This weapon supposedly hails from the reign of the Yongzheng Emperor during the Qing Dynasty. There are stories and crude drawings detailing its appearance but no clear instructions on its use or production are known to exist. The consensus is that the weapon resembled a hat with a bladed rim with a long chain attached to it. One alleged way of using it is that, upon enveloping one's head, the blades cleanly decapitate the victim with a pull of the chain. This gives the weapon its English name. However, there is also evidence that the weapon may have been soaked in deadly poison before use, such that it can kill a person immediately when blood is drawn (literally "at the sight of a drip of blood"), which gives rise to its Chinese name.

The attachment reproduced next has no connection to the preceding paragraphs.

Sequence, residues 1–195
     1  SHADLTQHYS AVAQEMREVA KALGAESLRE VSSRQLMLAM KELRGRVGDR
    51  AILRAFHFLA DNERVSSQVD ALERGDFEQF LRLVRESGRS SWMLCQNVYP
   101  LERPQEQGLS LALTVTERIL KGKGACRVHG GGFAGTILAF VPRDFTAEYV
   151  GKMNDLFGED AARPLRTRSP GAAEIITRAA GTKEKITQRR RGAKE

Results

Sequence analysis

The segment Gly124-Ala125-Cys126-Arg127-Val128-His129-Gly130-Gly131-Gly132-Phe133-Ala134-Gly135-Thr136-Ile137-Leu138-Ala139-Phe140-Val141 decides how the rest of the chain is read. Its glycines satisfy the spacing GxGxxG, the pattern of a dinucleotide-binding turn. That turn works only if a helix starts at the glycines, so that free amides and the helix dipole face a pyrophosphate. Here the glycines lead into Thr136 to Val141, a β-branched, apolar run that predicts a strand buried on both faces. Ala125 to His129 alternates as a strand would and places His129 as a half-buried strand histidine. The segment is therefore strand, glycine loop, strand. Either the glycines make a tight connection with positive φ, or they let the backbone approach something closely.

The underside of the guillotine as shown in the 1974 Hong Kong film Flying Guillotine.
The flying guillotine is featured in television programmes such as Hung Hei-Gun: Decisive Battle With Praying Mantis Fists (1994), the National Geographic Channel Asia documentary Kung-Fu Killers, and a 2011 episode of Mythbusters.